Configuring Databricks for Koalas

koala getting hlep from a Firefighter

The Apache Spark open source organization maintains all of the documentation for Apache Spark, which is a set of APIs which are used in Databricks and other big data processing applications.  The documentation provides the detailed information about the libraries, but the instructions for loading libraries in Databricks are not exactly the same as are used in Databricks, so if you follow the Spark installation instructions, you will get nowhere. If you follow the steps listed you will be up and running in no time.

Installing Options – Cluster or Notebook ?

If you are not using a ML workspace you can add in using dbutils like this.
dbutils.library.installPyPI("koalas")
dbutils.library.restartPython()

Unfortunately if you are using an ML workspace, this will not work and you will get the error message org.apache.spark.SparkException: Library utilities are not available on Databricks Runtime for Machine Learning. The Koalas github documentation  says “In the future, we will package Koalas out-of-the-box in both the regular Databricks Runtime and Databricks Runtime for Machine Learning”.  What this means is if you want to use it now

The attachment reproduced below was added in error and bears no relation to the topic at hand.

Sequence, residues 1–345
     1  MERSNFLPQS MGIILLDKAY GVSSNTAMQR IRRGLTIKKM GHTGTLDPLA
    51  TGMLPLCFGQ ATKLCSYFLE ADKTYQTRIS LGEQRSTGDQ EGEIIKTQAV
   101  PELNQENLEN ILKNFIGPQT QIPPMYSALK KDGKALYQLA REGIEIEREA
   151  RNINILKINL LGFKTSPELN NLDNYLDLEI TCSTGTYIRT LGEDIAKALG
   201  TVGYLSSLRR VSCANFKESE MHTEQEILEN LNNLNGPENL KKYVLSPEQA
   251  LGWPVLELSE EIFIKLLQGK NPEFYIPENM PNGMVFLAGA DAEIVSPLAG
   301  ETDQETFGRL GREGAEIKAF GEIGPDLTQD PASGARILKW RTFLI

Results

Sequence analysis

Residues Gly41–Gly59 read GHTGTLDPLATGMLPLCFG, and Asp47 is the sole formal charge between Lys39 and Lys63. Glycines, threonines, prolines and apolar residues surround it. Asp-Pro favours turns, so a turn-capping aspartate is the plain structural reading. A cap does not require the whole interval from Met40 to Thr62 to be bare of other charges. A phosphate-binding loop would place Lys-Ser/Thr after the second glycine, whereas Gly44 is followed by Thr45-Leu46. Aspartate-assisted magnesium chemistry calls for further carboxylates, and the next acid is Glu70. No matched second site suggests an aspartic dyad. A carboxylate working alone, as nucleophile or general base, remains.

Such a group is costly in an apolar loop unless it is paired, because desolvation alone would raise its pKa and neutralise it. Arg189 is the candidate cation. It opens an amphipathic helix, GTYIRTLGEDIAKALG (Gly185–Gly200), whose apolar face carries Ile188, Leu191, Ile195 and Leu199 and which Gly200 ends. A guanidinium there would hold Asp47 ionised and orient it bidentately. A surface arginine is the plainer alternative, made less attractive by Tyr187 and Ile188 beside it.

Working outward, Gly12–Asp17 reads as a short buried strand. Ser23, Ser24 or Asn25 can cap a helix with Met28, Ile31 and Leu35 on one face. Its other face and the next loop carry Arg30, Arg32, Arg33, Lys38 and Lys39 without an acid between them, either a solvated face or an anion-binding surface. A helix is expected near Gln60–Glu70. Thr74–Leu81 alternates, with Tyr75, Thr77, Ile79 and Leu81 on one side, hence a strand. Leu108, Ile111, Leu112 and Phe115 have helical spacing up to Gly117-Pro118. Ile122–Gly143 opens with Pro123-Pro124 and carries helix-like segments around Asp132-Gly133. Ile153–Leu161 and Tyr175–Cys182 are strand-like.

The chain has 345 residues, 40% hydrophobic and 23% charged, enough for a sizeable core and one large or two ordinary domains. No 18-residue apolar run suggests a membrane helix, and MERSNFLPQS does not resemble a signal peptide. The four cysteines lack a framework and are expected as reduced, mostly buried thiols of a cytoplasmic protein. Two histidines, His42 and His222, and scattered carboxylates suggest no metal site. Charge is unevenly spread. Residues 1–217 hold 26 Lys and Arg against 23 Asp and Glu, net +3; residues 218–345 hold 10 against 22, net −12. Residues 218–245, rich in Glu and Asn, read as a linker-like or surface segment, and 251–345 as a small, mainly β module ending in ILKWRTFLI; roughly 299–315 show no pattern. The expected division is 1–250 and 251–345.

Most of the time I want to install on the whole cluster as I segment libraries by cluster.  This way if I want those libraries I just connect to the cluster that has them. Now the easiest way to install a library is to open up a running Databricks cluster (start it if it is not running) then go to the Libraries tab at the top of the screen. My cluster is called Yucca, and you can see that it is running because the circle next to the name is green.

After you are on the Libraries table you will see two buttons.  Click on the one labeled Install New.  A window will appear.  Select the library source of PYPI and in the Package text box enter the word koalas.  Then click on the install button.

Install Databricks LibraryThe installation may take a few minutes.  When it is complete you will see a green  status circle and the word installed.

After this you are ready to use the new library, once you import it as shown here.

 

Why do I want to install Koalas in Databricks?